Old 4th November 2001, 11:58   #1
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Grid size in dyn move?

What exactly does the grid size mean in the dynamic movement trans. My guess is it changes the range of x and y, i.e. if grid size = 16x16
the range of x is -8 to 8 and the same for y. Am I correct?

If I am correct I'm still confused because changing these values seems to have no effect on my scopes.

Also what does the rectangular co-ordinates mean?

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Old 4th November 2001, 13:50   #2
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Rectangular coords use X and Y instead of R and D.
If you turn on rectangular coords, the window is divided into a certain number of sections, so as to keep the preset running fast. The grid size defines how many sections there are. For a more accurate movement, put higher numbers in, but that slows it down. For a less accurate, but faster movement, put lower numbers in.

It can also be useful for certain effects to have a low grid resolution.
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Old 4th November 2001, 14:02   #3
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Grid size

Grid size is always used, regardless of polar or rectangular coordinates.

The idea behind it is that the dynamic movement is a very heavy effect. Recalculating every pixel-coordinate each frame would be impossible, so that's why the screen is divided into a grid. AVS calculates a position for each intersection on the grid, and uses interpolation (averaging from one value to the other) to achieve a smooth effect.
Usually a pretty low grid size will suffice, but sometimes you'll want to set it higher. Make sure that you don't make it unnecessarily big, because bigger grid = slower preset. You should also remember that the horizontal gridsize and vertical gridsize don't need to match. Gridsizes of 2x20 or 40x3 are acceptable.

As for rectangular coordinates, it means to use x,y (cartesian) coordinates instead of d,r (polar). In polar coordinates, a point is defined by its distance to the center "d", and the angle between the vertical line and the line connecting the point to the center (note that AVS puts 0 rotation vertically instead of horizontally, as is normally done). Polar coordinate-movements tend to produce more circular movements, instead of horizontal/vertical movements.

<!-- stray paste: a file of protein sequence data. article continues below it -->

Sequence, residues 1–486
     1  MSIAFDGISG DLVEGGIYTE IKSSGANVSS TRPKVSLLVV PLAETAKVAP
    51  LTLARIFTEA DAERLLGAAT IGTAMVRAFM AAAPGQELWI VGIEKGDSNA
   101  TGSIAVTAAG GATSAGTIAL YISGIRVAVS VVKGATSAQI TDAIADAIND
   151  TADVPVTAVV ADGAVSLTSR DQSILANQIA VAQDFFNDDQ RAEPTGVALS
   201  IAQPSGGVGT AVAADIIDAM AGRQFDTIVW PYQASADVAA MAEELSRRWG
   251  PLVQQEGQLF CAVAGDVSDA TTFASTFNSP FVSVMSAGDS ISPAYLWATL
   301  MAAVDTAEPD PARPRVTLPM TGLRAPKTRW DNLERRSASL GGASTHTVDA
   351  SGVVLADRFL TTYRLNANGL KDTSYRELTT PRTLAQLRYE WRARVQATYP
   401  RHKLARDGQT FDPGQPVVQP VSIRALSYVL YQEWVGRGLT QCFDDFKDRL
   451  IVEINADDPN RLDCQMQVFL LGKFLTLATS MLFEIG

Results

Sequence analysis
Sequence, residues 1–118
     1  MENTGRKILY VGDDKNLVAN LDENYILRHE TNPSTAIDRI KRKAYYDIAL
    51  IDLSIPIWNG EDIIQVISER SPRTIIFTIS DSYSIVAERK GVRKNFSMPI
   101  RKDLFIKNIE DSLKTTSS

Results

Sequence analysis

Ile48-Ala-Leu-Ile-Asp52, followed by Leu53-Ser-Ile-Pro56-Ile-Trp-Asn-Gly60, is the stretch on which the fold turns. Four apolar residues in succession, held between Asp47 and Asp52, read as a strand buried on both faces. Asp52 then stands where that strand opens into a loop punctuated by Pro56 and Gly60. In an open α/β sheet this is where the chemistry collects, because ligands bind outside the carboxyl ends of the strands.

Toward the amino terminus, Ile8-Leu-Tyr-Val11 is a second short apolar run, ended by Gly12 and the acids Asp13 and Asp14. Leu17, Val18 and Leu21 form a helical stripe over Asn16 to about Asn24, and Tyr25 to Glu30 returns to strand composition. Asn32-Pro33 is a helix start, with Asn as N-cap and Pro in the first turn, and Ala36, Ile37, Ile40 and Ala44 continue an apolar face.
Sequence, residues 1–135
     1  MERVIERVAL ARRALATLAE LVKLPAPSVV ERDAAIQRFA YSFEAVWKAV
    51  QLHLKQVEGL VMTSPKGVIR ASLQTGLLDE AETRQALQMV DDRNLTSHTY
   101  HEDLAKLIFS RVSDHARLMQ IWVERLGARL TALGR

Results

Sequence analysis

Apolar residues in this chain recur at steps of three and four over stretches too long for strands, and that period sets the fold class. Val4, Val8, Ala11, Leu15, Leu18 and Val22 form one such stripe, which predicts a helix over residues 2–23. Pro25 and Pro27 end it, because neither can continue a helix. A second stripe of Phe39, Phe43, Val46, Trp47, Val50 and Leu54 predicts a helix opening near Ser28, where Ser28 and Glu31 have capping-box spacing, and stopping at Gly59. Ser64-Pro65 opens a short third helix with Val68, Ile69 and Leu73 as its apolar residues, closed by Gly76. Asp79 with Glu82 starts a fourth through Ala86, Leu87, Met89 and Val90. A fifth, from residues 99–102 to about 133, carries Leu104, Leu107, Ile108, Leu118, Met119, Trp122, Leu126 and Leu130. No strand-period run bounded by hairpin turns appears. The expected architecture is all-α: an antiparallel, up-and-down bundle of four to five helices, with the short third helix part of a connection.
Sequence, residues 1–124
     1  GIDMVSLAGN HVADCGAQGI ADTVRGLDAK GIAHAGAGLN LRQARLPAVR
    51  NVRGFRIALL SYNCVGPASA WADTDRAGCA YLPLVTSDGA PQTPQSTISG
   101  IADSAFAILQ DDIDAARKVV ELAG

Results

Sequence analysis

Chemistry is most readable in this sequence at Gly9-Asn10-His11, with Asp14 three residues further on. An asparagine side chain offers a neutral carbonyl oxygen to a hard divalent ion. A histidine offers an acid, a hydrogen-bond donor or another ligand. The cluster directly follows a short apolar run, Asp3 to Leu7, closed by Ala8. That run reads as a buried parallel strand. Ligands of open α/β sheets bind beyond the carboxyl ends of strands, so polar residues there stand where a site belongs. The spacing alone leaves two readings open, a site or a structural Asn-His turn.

Rectangular coordinates is the way to go when you want to do advanced effects though.
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Old 4th November 2001, 14:38   #4
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Thanks for the help.

I think I've got the hang of it now. I still don't notice any change when changing the grid size, how do I check the FPS. I did try using d and r with rect co-ords, it seemed to cause the scope to rotate and a swirl. No great surprise when using


I've attached my work in progress.

Attached Files
File Type: zip dyn mov scope test.zip (602 Bytes, 850 views)
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Old 4th November 2001, 21:22   #5
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FPS is shown in the lower left corner of AVS editor window.
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Old 17th March 2003, 13:23   #6
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Old 17th March 2003, 13:42   #7
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Search the forums and please don't revive old threads unless they are collecting threads (i.e. a list of something).

Look at the faq for some links.

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Old 8th June 2004, 22:43   #8
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ok, I am thinking about this for a lot of time, but I just can't figur it out.
I a lot of AVS, i notice variables like this:
i noticed this variables in a lot of AVS, and I am also wondering if i change xts to rds does it change the meaning of variable, and what do they realy mean

[offtopic] I hope i haven't done something wrong with asking this[/offtopic]
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Old 9th June 2004, 01:27   #9
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Those are variables made by the user, AVS doesn't use them unless you assign one of them to one of the ones used by AVS(x,y,d,linesize, that stuff).

If you change their names you are likely to mess the preset up because it will probably depend on it later in the preset.

For example:

Per Frame:
Per Beat:

In this code(taken from one of my superscopes) if you were to change the variable called "t" to a variable called "fartbrain", it wouldn't work because later in the code the variable name is still called "t", but because that isn't the right variable, it won't work right.

Darn, I can't think of anything to put here.
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Old 9th June 2004, 10:11   #10
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there are commonly used vars though. If t is used it usually stands for >t<imer and m for >m<ovement. In your example xm will probably stand for movement(shift) along the x axis.

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Old 9th June 2004, 18:38   #11
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Don't revive ancient threads with unrelated things. Post a new one.

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Old 9th June 2004, 19:00   #12
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